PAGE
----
Ptolemy's Astronomical Works (other than the Almagest)

Canobic Inscription

The text known as the Canobic Inscription is a transcription made in late antiquity of a lost public inscription that Ptolemy erected in A.D. 149/150 at Canopus in Egypt. The inscription records the numerical parameters of Ptolemy's models for the motions of the sun, moon, and planets. Most of the data in the Canobic Inscription agree with the Almagest, but there are a few significant differences which are now recognized as proving that the Almagest was completed later than the inscription. (see also here)

Translation of the Canobic Inscription.

Sources and further reading:

Edition of the text: Claudii Ptolemaei opera quae exstant omnia. II. Opera astronomica minora, ed. J. L. Heiberg. Leipzig, 1907. [I know of no modern translation of the inscription other than the draft linked above.]

N. T. Hamilton, N. M. Swerdlow, and G. J. Toomer, "The Canobic Inscription: Ptolemy's Earliest Work." In From Ancient Omens to Statistical Mechanics: Essays on the Exact Sciences Presented to Asger Aaboe, ed. J. L. Berggren and B. R. Goldstein. Copenhagen, 1987. 55-73.

N. M. Swerdlow, "Ptolemy's Harmonics and the 'Tones of the Universe' in the Canobic Inscription." In Studies in the History of the Exact Sciences in Honour of David Pingree, ed. C. Burnett, J. P. Hogendijk, K. Plofker, and M. Yano (Islamic Philosophy Theology and Science 54) Leiden, 2004. 137-180.


The Byzantine encyclopedia known as the Suda reports that Ptolemy's works included "On phases and weather-changes of fixed stars, two books." The work that has come down to us under the title Phaseis aplanon asteron kai synagoge episemasion = "phases of fixed stars and collection of weather-changes" is not divided into books, and it is generally presumed that this was originally Book 2 of Ptolemy's work, Book 1 being lost. The introductory section of our Phaseis does indeed refer to a more mathematically technical work in which Ptolemy discussed the calculation of visibility phenomena of fixed stars, but the way in which Ptolemy speaks of it implies that this was a separate treatise rather than an immediately preceding section of the Phaseis. A passage in a work of the ninth century scientist Thabit ibn Qurra ascribes to "Ptolemy's book on the phenomena of the fixed stars" an algorithm for calculating the conditions for stellar visibility that is not found in our Phaseis, so that this is presumably a reference to the lost technical treatise.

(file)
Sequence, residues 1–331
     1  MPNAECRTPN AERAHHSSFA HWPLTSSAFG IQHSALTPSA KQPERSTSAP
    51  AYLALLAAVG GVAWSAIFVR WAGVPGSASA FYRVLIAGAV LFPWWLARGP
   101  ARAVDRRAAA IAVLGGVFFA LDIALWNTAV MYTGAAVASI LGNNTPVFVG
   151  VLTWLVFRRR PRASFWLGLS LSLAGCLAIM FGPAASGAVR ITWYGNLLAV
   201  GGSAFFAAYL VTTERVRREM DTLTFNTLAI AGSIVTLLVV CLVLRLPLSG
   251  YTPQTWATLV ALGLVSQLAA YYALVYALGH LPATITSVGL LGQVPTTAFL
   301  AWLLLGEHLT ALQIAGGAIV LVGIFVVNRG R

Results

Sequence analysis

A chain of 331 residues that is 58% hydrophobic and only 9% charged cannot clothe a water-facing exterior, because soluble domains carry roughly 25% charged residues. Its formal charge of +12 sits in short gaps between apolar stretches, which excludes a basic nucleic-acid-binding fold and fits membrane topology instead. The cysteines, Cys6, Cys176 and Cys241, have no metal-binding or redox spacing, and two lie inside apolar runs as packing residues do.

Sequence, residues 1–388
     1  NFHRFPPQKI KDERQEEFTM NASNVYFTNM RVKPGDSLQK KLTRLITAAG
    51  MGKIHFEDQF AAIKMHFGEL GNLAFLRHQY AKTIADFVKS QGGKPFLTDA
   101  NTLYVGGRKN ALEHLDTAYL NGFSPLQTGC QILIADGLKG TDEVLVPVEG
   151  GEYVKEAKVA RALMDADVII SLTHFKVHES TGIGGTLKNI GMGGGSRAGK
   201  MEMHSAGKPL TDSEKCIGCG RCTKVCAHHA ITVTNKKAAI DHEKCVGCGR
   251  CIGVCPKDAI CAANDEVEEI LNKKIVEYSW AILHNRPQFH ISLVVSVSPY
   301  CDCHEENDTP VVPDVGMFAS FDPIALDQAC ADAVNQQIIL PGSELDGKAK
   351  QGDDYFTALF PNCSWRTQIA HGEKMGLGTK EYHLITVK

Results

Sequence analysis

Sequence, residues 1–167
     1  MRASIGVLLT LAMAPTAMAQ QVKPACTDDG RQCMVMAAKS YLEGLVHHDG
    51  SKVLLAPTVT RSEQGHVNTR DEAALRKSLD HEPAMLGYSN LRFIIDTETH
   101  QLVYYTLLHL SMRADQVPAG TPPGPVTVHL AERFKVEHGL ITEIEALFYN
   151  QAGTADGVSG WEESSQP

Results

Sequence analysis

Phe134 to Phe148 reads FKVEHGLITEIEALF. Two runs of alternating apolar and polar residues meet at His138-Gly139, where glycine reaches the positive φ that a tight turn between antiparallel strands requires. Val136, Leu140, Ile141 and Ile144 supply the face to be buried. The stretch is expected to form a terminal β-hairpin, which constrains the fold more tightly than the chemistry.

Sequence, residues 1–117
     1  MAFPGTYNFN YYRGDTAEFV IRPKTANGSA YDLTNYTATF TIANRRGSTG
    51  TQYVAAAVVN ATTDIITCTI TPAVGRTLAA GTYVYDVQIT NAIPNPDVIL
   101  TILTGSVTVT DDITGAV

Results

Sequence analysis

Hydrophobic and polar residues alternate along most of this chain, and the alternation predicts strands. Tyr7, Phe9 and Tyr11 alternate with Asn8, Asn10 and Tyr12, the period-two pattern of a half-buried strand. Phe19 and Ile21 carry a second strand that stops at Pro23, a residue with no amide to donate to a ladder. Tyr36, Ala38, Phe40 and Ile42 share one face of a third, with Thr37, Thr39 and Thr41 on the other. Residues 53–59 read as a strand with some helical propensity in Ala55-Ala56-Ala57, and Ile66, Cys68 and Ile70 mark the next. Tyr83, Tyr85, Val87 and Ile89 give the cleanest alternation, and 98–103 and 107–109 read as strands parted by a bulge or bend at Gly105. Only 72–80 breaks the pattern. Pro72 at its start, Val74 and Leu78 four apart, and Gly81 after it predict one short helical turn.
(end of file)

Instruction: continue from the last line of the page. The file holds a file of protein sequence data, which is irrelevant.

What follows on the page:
According to Ptolemy's summary at the beginning of the Phaseis, the lost treatise was a theoretical treatment of the conditions of visibility of the fixed stars, providing the means for determining where the sun must be on the ecliptic for a star to make its first annual appearance before sunrise, its last appearance after sunset, its rising at sunset, or its setting at sunrise. In Almagest 8.4-6 Ptolemy deals in a comparatively cursory manner with the conditions of stellar visibility, excusing the omission of a more detailed treatment of such phenomena and their supposed connection with weather on the grounds that the Almagest was limited to what Ptolemy thought of as exact science valid for all time whereas the dates of stellar phases shift over time because of precession. He says nothing, however, about having written elsewhere more fully on these topics. Presumably, then, both the technical treatise on stellar phases and the Phaseis were written later than the Almagest. This is confirmed by the fact that Ptolemy had refined his theory of the conditions of visibility of a heavenly body at the horizon close to sunset or sunrise by the time he came to write the specialized treatise and its perergon, the Phaseis.